Manpower was at a premium and the Second Mate on the Toby suddenly quit. There were no mates available, and nobody answered the advertisement in the paper and the phones calls that Toby and James made, did not yield a new Second Mate. They could sail without a Third Mate, but a Second was vital, so Toby had no choice but apply for an Emergency Upgrade for Lomo.

The Consulate in Sydney handled the paperwork and, before The Toby finished loading the Australian Rangers and their equipment, Lomo was acting Second Mate on the SS Toby!

The Australian Government never hesitated, they joined the Americans in pushing back the Chinese Communists in Korea, they loaded a complete Ranger Division on The Toby and all its equipment. There were Aussie Rangers sleeping the forward hold, the other three holds were filled with tanks, wheeled guns and crates of ammunition.

The Camel was to follow with food and medical supplies for the Australian Troops. It would be many days before the troops' food caught up to them. They were down to emergency rations before the Camel got to them.

The two ships left Sydney Harbor together, but The Toby soon outdistanced the little Camel and left her behind. As The Toby sailed northward, Toby, who had been forced to take command because of a shortage of Captains, drilled Lomo on his duties as Second Mate. The most important was cargo handling.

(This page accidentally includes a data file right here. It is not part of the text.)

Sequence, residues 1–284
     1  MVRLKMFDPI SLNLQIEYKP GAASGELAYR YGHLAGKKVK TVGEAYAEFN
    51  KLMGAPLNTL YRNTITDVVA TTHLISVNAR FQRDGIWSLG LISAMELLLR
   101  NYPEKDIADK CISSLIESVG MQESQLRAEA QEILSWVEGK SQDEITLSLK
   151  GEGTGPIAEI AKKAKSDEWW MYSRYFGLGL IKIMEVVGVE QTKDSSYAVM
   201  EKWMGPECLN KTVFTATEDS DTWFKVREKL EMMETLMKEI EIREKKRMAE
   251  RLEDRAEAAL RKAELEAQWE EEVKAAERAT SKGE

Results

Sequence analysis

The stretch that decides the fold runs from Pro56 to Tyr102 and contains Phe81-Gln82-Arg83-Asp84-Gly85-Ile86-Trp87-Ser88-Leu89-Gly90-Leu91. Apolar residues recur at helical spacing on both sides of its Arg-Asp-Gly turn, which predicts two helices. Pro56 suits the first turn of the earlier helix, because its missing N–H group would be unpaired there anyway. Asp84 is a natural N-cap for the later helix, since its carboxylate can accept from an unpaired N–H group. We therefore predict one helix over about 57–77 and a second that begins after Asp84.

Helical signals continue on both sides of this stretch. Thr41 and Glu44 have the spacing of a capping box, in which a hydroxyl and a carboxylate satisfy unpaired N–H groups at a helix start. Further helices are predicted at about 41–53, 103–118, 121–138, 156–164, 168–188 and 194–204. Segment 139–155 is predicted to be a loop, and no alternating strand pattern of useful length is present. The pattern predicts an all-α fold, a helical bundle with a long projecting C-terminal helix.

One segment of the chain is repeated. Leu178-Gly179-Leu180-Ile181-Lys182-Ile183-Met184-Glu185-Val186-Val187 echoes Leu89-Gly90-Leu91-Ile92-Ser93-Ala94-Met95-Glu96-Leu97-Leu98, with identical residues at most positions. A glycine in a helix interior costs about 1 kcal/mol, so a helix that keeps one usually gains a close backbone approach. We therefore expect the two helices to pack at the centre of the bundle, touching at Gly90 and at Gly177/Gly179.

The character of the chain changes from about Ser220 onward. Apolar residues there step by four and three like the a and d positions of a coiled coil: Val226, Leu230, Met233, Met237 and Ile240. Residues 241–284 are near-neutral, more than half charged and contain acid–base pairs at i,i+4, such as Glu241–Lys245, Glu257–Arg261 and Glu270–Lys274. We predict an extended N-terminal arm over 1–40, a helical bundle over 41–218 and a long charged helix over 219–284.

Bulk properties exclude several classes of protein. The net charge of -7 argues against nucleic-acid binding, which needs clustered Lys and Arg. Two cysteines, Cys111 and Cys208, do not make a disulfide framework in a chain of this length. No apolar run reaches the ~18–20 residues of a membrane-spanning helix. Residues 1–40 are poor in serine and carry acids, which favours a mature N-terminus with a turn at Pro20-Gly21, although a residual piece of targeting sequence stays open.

The First and Second Mates would split cargo duties as they would be offloading around the clock in Pusan.

Lomo was a huge man, fully six and a half feet tall and shoulders to match. He had a pleasant personality that had already won the entire crew and the embarked Aussie Rangers were soon under his spell as well.

Toby watched as his son won the hearts of the Rangers, it was a relationship that would come in handy as they offloaded in Korea. Cargo handling facilities were minimal in Pusan and the Rangers would be needed to move their equipment as soon as they hit the pier.

As they finished offloading the Rangers and their equipment, that which Toby feared most, was dropped in his lap. There were two thousand wounded and walking wounded soldiers needing transport to Hawaii.

The most seriously wounded had already been flown out, but those who remained to be transported would have been "Emergency Cases" anywhere else! Their wounds were growing septic in the heat and the foreword hold soon smelled like an open grave.

Toby put Lomo in charge of embarking the wounded soldiers, he figured Lomo's sunny personality and kindness would make the wounded men feel better about being placed in the forward hold. Fortunately, he was right! Lomo could walk between the tiers of wounded soldiers, calling each by name and say something that would get a smile or even a little laugh out of the wounded man.

Lomo made sure every wounded soldier was comfortable and that he had everything he needed for the voyage. Lomo arranged showers, around the clock, food and snacks and laundry services. The ship's laundry was working around the clock and Lomo saw to it that the several laundrymen were recognized for their efforts. He would carry a wounded soldier to the showers and would gently wash the man in warm water and put clean, dry underwear back on him before returning him to his refreshed bunk.